Alastair’s Place

Software development, Cocoa, Objective-C, life. Stuff like that.

Common Sense From EFF? Not.

Apparently, Apple’s new DRM-free music embeds your name and e-mail address in the music files, presumably so that it’s easy to find out whose copy of the file was illegally distributed (when it inevitable is).

A MacNN article is quoting Fred von Lohmann, one of the Electronic Frontier Foundation’s senior intellectual property attorneys, as having said that

Some of the privacy problems, in light of this, is [sic] that anyone who steals an iPod that includes purchased iTunes music will now have the name and e-mail address of its rightful owner.

Forgive me for pointing out the obvious, but people commonly mark their name and address onto items that they don’t want to lose, presumably on the assumption that it’s more likely that something will be lost and then found (and maybe handed in) by an honest individual, rather than stolen.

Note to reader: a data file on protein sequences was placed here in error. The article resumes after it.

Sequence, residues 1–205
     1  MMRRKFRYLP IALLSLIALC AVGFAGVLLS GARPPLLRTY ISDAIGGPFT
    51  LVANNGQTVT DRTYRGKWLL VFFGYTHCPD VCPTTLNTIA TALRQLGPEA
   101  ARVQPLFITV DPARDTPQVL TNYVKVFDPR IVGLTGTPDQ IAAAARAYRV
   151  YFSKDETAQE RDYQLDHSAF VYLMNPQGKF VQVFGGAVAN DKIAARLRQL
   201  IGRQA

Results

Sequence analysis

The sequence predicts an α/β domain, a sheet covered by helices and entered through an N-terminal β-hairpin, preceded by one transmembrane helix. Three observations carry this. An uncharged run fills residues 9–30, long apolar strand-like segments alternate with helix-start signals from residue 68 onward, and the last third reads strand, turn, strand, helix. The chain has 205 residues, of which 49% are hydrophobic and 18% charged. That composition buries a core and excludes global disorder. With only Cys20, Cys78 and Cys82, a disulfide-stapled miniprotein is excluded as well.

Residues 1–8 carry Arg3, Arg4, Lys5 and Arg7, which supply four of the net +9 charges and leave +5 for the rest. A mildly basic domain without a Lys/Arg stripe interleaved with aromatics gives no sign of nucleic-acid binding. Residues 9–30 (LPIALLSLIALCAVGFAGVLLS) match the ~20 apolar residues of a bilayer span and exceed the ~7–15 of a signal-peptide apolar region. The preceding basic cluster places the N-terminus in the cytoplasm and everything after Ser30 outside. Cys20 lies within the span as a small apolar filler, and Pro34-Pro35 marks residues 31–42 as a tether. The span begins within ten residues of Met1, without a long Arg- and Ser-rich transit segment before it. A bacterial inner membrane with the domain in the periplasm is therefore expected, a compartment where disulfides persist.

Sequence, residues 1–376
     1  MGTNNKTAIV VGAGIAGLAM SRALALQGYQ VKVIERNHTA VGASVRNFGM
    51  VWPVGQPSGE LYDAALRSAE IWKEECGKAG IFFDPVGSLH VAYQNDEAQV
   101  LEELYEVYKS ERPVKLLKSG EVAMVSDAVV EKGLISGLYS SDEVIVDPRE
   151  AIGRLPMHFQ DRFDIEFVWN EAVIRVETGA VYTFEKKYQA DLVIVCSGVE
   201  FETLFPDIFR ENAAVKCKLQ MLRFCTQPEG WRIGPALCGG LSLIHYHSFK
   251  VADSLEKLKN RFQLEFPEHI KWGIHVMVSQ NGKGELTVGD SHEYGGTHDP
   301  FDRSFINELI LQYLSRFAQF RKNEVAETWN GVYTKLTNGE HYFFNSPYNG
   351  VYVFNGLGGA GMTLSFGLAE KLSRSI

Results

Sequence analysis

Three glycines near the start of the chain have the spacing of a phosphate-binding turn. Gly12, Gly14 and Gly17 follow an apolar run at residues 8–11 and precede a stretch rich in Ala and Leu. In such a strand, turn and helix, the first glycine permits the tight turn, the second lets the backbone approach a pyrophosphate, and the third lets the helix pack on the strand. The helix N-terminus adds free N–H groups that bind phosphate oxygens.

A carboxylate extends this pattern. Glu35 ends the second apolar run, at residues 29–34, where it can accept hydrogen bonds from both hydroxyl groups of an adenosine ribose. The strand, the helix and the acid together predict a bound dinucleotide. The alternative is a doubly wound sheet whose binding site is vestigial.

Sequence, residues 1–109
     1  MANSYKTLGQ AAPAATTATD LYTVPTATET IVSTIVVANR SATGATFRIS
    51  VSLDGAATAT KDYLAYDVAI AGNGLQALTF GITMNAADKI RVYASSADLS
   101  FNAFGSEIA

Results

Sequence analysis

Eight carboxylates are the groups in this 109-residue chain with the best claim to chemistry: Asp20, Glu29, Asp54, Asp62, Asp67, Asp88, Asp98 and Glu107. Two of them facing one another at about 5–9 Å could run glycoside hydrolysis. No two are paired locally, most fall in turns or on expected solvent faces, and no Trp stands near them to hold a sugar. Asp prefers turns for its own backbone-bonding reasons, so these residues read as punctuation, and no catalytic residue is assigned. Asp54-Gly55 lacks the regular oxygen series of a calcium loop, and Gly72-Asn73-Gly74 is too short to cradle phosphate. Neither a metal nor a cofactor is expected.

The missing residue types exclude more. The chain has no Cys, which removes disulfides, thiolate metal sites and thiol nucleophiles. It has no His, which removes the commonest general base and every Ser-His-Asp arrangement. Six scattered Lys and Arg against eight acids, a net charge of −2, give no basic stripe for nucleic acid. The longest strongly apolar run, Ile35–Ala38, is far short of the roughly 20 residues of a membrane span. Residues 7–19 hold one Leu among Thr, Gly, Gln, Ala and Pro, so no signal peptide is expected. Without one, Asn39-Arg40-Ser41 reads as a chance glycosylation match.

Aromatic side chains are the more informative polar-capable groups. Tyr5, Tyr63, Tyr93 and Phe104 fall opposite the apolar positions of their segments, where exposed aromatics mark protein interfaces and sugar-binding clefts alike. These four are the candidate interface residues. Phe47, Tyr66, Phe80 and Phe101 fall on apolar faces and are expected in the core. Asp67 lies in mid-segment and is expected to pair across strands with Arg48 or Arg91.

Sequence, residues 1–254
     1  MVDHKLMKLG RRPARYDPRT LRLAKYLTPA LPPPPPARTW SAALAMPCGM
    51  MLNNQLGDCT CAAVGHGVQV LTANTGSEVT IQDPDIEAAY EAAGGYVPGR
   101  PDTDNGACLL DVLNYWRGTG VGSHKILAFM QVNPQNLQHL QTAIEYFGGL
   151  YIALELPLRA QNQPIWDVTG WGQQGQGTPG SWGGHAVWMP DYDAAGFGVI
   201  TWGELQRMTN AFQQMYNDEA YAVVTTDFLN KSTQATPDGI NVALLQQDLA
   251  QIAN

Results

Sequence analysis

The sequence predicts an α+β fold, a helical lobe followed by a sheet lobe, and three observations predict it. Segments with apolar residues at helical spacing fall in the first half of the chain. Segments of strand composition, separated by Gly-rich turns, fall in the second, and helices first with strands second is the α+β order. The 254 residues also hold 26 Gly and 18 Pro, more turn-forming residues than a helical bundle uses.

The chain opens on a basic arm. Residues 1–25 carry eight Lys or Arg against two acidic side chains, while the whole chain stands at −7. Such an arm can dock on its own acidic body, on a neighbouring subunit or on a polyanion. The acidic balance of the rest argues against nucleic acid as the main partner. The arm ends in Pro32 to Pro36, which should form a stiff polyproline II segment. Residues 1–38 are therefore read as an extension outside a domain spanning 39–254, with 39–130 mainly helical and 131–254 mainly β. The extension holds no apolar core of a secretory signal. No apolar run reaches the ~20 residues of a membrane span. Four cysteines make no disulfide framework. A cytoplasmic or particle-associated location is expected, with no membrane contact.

In fact, many devices (iPods included, if I remember correctly) have special options to let the user put their name and address in them.

I’m sure the response from the “privacy” advocates will be that the user has the option to set these settings, whereas they have no choice over whether this information is embedded in their music files or not. But even if that’s true, it’s a very weak argument indeed.

(For those who are wondering, I put privacy in quotes when I talk about “privacy” advocates, because most of them are not, in fact, advocating privacy. Instead, the majority advocate anonymity, which is quite different and has many effects that are detrimental to the rest of society [for instance, it’s much easier and safer to commit fraud and other crimes if you have anonymity…]. Fred von Lohmann’s comments suggest that he is one of these anonymity advocates.)